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The Tennessee Conservative [By Jason Vaughn] –
Legislators in Tennessee are considering a change in the way reporting of child abuse and neglect is handled in the state by requiring reporters to identify themselves and also allowing those who are accused to petition the court for that information.
Those in favor of the proposed legislation say that the current anonymous reporting system makes it far too easy for false child abuse claims to be made in an attempt to retaliate against someone.
Representatives from the Tennessee Department of Children’s Services argue that forcing reporters to disclose their identity could make those with true complaints more hesitant to make those reports out of fear for their own safety if the accused gains access to their identity.
The bill is being pushed by Representative Clay Doggett of Pulaski and Senator Janice Bowling of Tullahoma. If passed, anyone who reports child abuse, sexual abuse, or neglect would have to provide their name and contact information to the Department of Children’s Services.
Those details should remain confidential within the department. However, if the accused petitions the court for the reporter’s identity, the bill would allow that information to be released by a judge if it is determined that there is “good cause shown.”
According to Doggett, the proposed legislation would give those who are accused wrongly a way to legally seek compensation for damages suffered.
“The main intent is for them to…pursue some type of criminal charges or civil charges against the person for the harassment,” Doggett said. “You have an avenue to go through the courts for remedy.”
Legislators listened to emotional arguments made by individuals who had been on the wrong side of those false accusations. According to them, the current system acts as a shield for reporters, allowing them to anonymously make false claims and leaving those who are wrongly accused with recourse when claims are shown to be fake.
Those speaking out in favor of changing the system provided a number of narratives detailing their stories of false accusations. They suspect that the false claims were made by ex-spouses or angry relatives who were out for revenge. Those suspicions cannot be proven because the reports were made anonymously.
Abigail West of Nashville said she was falsely accused during what she described as a “nasty” custody battle for her daughter. Although she did everything the state asked of her and passed a drug screen, her daughter was still removed from her home. She had to wait nine months for the state to determine that the accusations were false before her daughter was returned.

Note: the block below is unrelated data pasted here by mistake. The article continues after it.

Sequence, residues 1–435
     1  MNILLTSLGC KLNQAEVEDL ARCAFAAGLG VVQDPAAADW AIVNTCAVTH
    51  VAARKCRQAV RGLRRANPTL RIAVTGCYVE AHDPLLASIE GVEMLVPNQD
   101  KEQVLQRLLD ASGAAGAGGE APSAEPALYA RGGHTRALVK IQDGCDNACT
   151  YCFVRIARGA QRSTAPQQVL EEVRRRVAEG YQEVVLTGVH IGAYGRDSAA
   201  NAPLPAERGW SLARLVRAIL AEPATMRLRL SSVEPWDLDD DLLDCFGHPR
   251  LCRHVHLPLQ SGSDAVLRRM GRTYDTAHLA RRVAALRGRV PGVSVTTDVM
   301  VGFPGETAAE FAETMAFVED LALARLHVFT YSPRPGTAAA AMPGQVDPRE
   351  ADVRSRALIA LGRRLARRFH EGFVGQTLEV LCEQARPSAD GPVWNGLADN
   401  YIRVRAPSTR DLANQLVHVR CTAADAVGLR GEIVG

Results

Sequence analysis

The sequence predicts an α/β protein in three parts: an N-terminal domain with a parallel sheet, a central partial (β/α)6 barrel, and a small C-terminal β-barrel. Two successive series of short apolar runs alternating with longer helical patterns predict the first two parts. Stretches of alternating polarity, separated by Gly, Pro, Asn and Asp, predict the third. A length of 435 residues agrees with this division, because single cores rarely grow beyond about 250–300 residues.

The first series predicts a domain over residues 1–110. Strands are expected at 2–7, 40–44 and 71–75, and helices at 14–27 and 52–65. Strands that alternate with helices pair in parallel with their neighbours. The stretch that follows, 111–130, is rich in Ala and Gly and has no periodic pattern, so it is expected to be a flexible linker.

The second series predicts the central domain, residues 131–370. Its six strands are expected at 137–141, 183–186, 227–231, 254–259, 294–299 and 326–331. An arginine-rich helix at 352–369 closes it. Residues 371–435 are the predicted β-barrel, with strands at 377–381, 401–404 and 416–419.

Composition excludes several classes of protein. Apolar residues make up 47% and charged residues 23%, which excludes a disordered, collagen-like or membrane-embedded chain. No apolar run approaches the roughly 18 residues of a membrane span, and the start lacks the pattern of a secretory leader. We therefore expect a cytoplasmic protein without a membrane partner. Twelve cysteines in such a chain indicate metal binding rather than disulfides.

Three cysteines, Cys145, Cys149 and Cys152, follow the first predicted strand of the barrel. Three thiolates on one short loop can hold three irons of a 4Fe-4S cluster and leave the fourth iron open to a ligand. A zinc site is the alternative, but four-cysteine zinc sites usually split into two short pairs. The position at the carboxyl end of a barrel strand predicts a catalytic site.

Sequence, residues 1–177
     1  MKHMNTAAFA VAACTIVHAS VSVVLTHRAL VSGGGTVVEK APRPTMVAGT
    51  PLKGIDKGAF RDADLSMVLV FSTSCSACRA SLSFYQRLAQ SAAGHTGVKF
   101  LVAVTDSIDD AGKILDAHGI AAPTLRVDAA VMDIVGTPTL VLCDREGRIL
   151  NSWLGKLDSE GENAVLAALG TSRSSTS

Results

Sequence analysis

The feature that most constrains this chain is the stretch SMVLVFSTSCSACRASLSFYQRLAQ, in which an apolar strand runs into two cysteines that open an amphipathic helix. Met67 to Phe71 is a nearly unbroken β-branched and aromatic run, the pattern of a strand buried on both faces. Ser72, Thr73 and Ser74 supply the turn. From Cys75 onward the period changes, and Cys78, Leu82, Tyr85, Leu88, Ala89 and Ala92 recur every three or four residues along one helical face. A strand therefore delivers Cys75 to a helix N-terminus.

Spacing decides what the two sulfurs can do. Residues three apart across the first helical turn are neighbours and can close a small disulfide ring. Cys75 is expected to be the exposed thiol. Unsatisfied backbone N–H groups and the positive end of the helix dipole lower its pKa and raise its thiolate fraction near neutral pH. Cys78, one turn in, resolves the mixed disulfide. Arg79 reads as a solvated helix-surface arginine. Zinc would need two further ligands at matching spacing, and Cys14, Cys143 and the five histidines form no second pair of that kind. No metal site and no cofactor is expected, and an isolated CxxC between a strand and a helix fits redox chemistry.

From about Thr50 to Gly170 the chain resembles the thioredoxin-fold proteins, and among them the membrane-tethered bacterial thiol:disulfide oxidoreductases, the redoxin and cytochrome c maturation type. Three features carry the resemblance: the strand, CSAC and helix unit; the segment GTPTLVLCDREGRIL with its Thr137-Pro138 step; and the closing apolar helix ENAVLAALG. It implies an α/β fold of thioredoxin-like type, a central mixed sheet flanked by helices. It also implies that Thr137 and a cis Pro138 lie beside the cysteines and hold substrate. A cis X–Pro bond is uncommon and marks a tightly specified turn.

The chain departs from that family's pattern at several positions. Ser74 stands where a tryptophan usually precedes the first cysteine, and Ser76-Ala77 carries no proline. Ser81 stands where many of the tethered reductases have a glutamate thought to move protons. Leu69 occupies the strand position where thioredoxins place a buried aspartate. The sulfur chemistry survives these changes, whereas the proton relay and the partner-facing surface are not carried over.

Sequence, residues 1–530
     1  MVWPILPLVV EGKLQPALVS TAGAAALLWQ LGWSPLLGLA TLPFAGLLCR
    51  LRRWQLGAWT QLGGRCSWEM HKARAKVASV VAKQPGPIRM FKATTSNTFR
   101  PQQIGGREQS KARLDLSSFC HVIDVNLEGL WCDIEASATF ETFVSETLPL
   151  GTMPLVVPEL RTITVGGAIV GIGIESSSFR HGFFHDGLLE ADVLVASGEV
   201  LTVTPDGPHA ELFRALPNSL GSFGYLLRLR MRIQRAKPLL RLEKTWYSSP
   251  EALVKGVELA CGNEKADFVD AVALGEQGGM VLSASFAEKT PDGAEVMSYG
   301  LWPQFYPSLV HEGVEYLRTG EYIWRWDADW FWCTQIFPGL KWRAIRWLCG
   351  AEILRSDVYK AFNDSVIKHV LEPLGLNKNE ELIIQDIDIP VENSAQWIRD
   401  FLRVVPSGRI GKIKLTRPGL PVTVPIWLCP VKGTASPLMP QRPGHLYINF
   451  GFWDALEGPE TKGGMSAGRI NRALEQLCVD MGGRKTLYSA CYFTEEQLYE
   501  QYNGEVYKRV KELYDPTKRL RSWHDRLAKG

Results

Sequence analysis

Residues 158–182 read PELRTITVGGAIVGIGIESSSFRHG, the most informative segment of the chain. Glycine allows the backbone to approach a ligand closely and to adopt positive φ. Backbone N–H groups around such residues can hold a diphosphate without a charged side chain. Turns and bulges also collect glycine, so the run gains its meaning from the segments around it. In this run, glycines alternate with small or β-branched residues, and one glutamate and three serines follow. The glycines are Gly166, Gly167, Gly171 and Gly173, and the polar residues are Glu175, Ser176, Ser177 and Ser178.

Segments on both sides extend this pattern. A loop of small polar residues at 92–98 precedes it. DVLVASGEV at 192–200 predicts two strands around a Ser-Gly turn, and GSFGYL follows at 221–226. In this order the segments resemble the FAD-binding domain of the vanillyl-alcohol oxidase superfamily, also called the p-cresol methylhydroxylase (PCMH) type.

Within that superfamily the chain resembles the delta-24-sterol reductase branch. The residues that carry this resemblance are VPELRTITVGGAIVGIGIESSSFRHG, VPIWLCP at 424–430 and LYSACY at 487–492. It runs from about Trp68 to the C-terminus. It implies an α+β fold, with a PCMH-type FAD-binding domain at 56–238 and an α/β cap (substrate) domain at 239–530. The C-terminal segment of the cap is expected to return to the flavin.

“I still don’t know why they took my baby for nine months,” West said. “An anonymous call created an avalanche of unneeded trauma for my family.”
Drew Wright, legislation and policies director for the Tennessee Department of Children’s Services argues that there is already legislation that serves to punish those who file false reports of abuse and neglect. Tennessee law says that knowingly filing or helping to file a false report of abuse is a Class E felony. This can result in up to six years in prison or a fine of up to $50,000.
State law says that any Tennessee resident who suspects child abuse or neglect is obligated to report that information. However, Wright argues that the proposed bill could actually make people less likely to report legitimate abuse out of fear of being found out.
“Certain folks who do report child abuse choose to do so anonymously because they fear retaliation from the person who they’ll be alleging the abuse against,” Wright said. “We might lose one that might protect a child from dying, and that’s not worth the risk.”
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According to Doggett, he has been approached by many parents who have suffered through false accusations.
“I feel in my heart that the Department of Children’s Services’ hearts are in the right place,” Doggett stated. “Everyone wants to make sure we’re protecting children. It’s unfortunate that things such as anonymous reporting can happen when it’s done maliciously.”
Doggett says he will continue to work with legislators to find an option that will serve as a solution to the problem. He says that if a better option can be found, he will not push the bill forward in next year’s legislative session.
“You don’t want reporters to fall victim to harassment or intimidation themselves for trying to do the right thing,” he said. “But at the same time, for those that are being malicious by… (reporting) wrongfully… you can get the information for someone that’s making the false report if their information is confidential.”
Tennessee currently offers several methods for reporting child abuse, including a website and a hotline – 877-237-0004. Out of 123,776 abuse reports made in 2020, just under 20% of those were done anonymously.
About the Author: Jason Vaughn, Media Coordinator for The Tennessee Conservative ~ Jason previously worked for a legacy publishing company based in Crossville, TN in a variety of roles through his career. Most recently, he served as Deputy Directory for their flagship publication. Prior, he was a freelance journalist writing articles that appeared in the Herald Citizen, the Crossville Chronicle and The Oracle among others. He graduated from Tennessee Technological University with a Bachelor’s in English-Journalism, with minors in Broadcast Journalism and History. Contact Jason at news@TennesseeConservativeNews.com